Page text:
Indigenous to South Africa, Leucosidea sericea is part of the family Rosaceae (Rose family) and occurs mainly in the eastern and northern parts of South Africa.  The common name ‘Oldwood’ was given as the tree has a gnarled trunk and flaky bark, resembling a very old tree.

This is a fast growing, evergreen straggly shrub or small tree with great character that enjoys living in damp areas which makes it a good plant for areas with drainage problems.  The leaves are dark green in colour and are covered with silky, silvery hairs.  The margins of the leaflets are deeply serrated and the leaves have a strong aromatic smell when crushed.

Growing to a height of between 2 to 7 m, the Oldwood can be single- or multi-stemmed and typically branches low down.  The crown of the tree is dense and rounded and the trunk is covered with a rough, reddish brown bark that flakes off to expose a smooth, light-brown under bark.  The twisted stems of the tree gives it and irregular form and as such it can be utilised well when creating a naturalistic African style garden.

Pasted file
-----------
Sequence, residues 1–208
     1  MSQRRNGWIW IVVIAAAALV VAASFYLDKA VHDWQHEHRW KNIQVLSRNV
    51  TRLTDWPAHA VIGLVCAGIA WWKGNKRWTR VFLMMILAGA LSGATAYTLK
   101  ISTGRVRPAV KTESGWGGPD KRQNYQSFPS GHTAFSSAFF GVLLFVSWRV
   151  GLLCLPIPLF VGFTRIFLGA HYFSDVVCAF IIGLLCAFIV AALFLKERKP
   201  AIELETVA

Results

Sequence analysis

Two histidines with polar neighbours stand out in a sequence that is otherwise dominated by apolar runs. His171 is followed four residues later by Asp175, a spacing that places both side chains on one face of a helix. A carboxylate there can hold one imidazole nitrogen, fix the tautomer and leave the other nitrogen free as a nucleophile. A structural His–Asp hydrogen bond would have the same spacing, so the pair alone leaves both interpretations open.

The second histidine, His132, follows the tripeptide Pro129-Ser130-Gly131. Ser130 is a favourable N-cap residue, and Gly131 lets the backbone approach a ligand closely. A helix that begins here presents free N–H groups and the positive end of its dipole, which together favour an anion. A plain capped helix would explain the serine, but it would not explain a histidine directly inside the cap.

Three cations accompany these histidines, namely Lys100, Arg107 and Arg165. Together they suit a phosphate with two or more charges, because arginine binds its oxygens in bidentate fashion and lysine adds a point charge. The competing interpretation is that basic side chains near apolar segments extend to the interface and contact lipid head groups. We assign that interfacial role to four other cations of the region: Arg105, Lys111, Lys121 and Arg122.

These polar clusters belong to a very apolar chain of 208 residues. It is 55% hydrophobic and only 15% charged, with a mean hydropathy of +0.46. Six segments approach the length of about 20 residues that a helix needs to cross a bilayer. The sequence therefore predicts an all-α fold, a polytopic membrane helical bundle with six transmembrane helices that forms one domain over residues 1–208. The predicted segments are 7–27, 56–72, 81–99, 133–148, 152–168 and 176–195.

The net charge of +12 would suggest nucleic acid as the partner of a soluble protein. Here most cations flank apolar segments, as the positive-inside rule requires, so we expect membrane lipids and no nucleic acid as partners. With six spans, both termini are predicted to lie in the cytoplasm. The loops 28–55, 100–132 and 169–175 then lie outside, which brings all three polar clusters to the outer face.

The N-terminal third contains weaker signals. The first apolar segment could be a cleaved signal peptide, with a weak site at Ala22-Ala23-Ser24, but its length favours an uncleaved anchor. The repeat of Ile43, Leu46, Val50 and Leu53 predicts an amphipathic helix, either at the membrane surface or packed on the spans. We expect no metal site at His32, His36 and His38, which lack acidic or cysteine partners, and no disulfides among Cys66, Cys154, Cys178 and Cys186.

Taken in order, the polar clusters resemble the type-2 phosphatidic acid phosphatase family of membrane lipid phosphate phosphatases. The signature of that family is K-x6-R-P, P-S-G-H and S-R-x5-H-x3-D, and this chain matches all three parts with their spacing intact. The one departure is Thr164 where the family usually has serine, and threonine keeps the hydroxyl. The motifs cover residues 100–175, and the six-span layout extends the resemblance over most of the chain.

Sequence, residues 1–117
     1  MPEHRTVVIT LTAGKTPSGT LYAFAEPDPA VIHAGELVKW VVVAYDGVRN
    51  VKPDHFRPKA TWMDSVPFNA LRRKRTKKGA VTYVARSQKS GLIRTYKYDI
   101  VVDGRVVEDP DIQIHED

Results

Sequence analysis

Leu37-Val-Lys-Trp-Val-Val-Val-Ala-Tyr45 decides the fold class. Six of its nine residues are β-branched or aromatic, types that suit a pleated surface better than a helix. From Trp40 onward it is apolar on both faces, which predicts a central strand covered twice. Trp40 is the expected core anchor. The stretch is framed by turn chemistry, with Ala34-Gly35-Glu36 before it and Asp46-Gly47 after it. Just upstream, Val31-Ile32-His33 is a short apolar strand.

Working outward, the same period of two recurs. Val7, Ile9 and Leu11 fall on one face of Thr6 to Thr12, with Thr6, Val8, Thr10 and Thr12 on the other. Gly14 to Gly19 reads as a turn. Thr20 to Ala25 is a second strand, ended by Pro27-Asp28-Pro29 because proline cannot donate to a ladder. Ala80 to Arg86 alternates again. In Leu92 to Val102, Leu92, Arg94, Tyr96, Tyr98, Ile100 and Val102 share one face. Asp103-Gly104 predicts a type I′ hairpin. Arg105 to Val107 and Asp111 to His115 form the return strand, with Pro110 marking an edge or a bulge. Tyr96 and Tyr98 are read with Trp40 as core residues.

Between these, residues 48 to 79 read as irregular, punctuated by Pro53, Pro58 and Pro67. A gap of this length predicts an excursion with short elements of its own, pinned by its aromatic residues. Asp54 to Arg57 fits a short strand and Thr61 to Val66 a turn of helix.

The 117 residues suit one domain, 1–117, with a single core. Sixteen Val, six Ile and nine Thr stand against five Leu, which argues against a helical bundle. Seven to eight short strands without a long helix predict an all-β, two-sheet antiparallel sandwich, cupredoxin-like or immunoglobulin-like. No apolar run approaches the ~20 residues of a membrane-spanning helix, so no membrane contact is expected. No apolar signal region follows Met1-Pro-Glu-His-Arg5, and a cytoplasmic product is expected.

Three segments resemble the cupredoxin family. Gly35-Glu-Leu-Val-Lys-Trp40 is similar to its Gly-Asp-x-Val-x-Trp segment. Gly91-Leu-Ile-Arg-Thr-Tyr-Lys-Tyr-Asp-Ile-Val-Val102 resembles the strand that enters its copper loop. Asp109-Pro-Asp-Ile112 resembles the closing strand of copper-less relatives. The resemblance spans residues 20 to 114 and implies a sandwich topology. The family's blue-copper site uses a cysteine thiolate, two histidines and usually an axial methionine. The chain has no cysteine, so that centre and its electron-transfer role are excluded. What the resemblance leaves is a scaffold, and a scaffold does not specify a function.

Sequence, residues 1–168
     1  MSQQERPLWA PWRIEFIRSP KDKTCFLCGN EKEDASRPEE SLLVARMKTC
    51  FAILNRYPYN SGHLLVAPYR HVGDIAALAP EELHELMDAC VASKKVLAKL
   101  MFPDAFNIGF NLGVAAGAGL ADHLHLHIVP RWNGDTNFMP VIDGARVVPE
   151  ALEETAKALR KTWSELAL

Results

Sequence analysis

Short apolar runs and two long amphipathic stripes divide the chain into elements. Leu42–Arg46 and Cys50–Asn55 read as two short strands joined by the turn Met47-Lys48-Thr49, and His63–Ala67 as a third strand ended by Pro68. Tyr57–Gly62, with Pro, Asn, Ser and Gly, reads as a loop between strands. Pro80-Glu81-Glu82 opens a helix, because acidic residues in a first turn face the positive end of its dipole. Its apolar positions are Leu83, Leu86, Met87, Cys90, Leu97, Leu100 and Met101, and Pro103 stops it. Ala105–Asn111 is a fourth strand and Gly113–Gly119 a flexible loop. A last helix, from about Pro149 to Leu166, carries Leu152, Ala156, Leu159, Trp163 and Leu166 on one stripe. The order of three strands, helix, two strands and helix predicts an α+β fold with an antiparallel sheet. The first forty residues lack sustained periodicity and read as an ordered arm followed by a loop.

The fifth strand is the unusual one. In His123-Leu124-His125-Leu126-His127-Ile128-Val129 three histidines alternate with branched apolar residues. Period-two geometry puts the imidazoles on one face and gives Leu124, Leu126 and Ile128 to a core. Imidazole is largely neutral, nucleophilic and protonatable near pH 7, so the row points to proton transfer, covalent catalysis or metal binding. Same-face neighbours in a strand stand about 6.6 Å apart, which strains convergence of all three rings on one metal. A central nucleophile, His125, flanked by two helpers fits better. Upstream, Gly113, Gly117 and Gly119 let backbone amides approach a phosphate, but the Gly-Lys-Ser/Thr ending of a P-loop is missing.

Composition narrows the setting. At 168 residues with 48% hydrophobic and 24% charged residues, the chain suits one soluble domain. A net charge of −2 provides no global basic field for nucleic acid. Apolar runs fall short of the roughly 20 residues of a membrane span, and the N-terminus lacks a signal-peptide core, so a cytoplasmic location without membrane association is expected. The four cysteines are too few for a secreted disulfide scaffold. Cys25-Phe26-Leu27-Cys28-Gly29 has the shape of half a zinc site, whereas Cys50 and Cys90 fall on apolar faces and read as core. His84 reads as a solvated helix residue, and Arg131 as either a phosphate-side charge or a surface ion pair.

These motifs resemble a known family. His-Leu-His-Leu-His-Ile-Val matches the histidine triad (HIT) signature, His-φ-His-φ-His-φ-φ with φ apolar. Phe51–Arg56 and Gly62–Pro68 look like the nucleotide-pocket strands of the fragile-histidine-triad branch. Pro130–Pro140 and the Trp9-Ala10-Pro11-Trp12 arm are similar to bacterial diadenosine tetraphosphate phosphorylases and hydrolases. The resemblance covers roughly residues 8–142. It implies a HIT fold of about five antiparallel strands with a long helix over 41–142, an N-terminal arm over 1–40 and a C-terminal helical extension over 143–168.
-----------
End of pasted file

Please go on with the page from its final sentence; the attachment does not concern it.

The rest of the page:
Flowering takes place from August to September and the star-shaped flowers are carried in spikes on the ends of young shoots.  The small flowers are green-yellow in colour and will attract insects and bees to the garden with its sticky nectar and plentiful pollen.  Fruiting time is from December to January and the fruits are small with a nut-like appearance.

Leucosidea sericea can tolerate harsh, cold conditions and thrives on lots of water, but will also survive moderate drought in the dry seasons.

The Oldwood is a dense, small tree that can be used to screen out noise, objectionable views and provide protection against the wind when shaped into a hedge form.  It is a decorative tree with interesting bark and foliage and it will grow well in a sunny or semi-shaded area.